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J Indian Soc Periodontol. 2010 Jan-Mar; 14(1): 18–22.
PMCID: PMC2933524

Postoperative bacteremia in periodontal flap surgery, with and without prophylactic antibiotic administration: A comparative study



Many a times in clinical periodontology, the decision whether to prescribe prophylactic antibiotics or not, is perplexing.The present study was conducted to compare the bacteremias induced after periodontal flap surgeries with and without prophylactic antibiotics.

Materials and Methods:

The occurrence of postoperative bacteremia following periodontal flap surgery was studied in 30 patients. On these patients, 30 quadrant wise flap surgeries were carried out without any preoperative prophylactic antibiotics and 30 surgeries carried out after prophylactic administration of amoxycillin preoperatively. A blood sample was taken from each patient at the time of maximum surgical trauma and was cultured for micro-organisms and antibiotic sensitivity.


18 out of 60 blood samples were positive for micro-organisms. There was a significant reduction in post operative bacteremia after amoxycillin prophylaxis (x2 - 7.96 with P<0.01) as post operative bacteremia was found in 14 of the non medicated patients as compared to only 4 of the pre medicated patients. The micro-organisms encountered in the study are as follows:- 1) Staphylococcus albus coagulase negative, 2) Klebsiella, 3) Psedomonas aerugenosa, 4) Streptococcus viridans, 5) Alpha hemolytic streptococcus, 6) Neisseria catarrhalis


On the basis of the study, it is concluded that the incidence of postoperative bacteremia following periodontal flap surgery is not as high as previously reported. The clinical results show that Amoxicillin is highly effective in reducing postoperative bacteremia in periodontal flap surgery and thus in preventing the possible sequelae (Infective Endocarditis and other systemic maladies) in susceptible patients. However, cefotaxime and cephalexin may prove to be more effective in preventing the same.

Keywords: Postoperative bacteremia, periodontal flap surgery, prophylactic antibiotic administration


Bacteremia has been defined as the presence of bacteria in blood. Bacteremia of dental origin has been attributed to periodontal infection, tooth extraction, periodontal scaling, gingivectomies, root canal therapy, gingival massage, use of oral irrigation devices, mastication, rocking of teeth and the administration of local anesthesia. Throughout the literature there are inconsistencies regarding the incidences of bacteremia attributed to any one cause[1].

Transitory bacteremia, induced by oral procedures, may result in bacterial endocarditis in patients with congenital cardiac defects or acquired heart valve abnormalities. An increasing number of patients have prosthetic cardiovascular appliances and are also vulnerable to serious complications from a transitory bacteremia[2].

Prophylactic use of antibiotics in surgery of the oral cavity is becoming standard procedure in order to minimize bacteremia and its deleterious effects. The unnecessary use of antibiotics results in the development of resistant strains of bacteria. On the other hand, there are instances when the prophylactic use of antibiotics is overlooked because of failure to establish its need. In order to solve thi s dilemma, the present study was done to compare the bacteremia induced by the periodontal surgery with and without administration of prophylactic antibiotics.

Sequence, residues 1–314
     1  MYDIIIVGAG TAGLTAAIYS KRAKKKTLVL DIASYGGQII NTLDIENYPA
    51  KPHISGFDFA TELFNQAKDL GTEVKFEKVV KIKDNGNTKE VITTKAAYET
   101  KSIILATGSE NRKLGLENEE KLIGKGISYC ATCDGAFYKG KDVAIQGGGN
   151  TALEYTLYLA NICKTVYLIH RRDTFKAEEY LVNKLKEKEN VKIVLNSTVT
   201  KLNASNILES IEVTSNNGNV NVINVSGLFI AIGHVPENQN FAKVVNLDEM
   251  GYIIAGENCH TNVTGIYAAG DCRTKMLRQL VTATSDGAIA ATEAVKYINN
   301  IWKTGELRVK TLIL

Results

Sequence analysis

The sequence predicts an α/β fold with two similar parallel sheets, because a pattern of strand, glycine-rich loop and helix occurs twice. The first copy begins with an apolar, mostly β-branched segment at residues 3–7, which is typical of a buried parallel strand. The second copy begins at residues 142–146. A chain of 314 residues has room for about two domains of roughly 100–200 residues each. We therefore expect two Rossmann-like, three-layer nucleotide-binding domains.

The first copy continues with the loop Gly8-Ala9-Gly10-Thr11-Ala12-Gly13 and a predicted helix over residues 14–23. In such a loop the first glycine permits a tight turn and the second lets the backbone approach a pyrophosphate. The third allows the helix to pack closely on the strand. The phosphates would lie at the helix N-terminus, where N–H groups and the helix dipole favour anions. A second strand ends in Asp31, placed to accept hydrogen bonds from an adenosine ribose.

This investigation was carried out on 30 patients in the 35-45 years age group at the Department of Periodontology and Oral Medicine, Punjab Government Dental College and Hospital, Amritsar, Punjab.

The diagnosis of chronic generalized periodontitis and the need for periodontal flap surgery was determined after clinical and roentogenographic examination. All the patients were treated in the same manner. The patients were put on plaque control, which included brushing and rinsing the mouth with 0.02 % chlorhexidin mouth wash twice daily. Full mouth scaling was accomplished by hand instruments followed by polishing with rubber cup and polishing paste. Routine laboratory investigations comprising blood for hemoglobin, bleeding time, clotting time, total leukocyte count, differential leukocyte count and urine for complete examination were carried out. Four quadrant-wise, flap surgeries were performed in 30 patients each. Of these, one quadrant wise periodontal flap surgery from each patient was performed without any prophylactic antibiotic and was labeled series I while the other three quadrant-wise periodontal flap surgeries in each patient were carried out after prophylactic administration of 500 mg Amoxicillin orally, two hours prior to the surgery. Of the three, one quadrant-wise periodontal flap surgery was labeled series II and included in the study. The study was set up so that the patients participated twice, in this way they could serve as their own controls.

Modified Widman flap (Ramfjord and Nissle, 1974) was performed quadrant-wise in each of the participants.

The blood was collected in the following manner during the flap surgery at the stage of degranulation, scaling and root planing, which was designed to be the point of maximum trauma. 10 (TEN) cc of blood was withdrawn from a vein in the cubital fossa. The blood was then transferred into already labeled bottle containing 50cc of Brain Heart Infusion broth with cooked meat particles [Figure 1], making a liberal use of the flame during the procedure. The bottles were incubated at 37°C for 18-24 hours.

Figure 1
Brain-heart infusion broth with cooked meat particles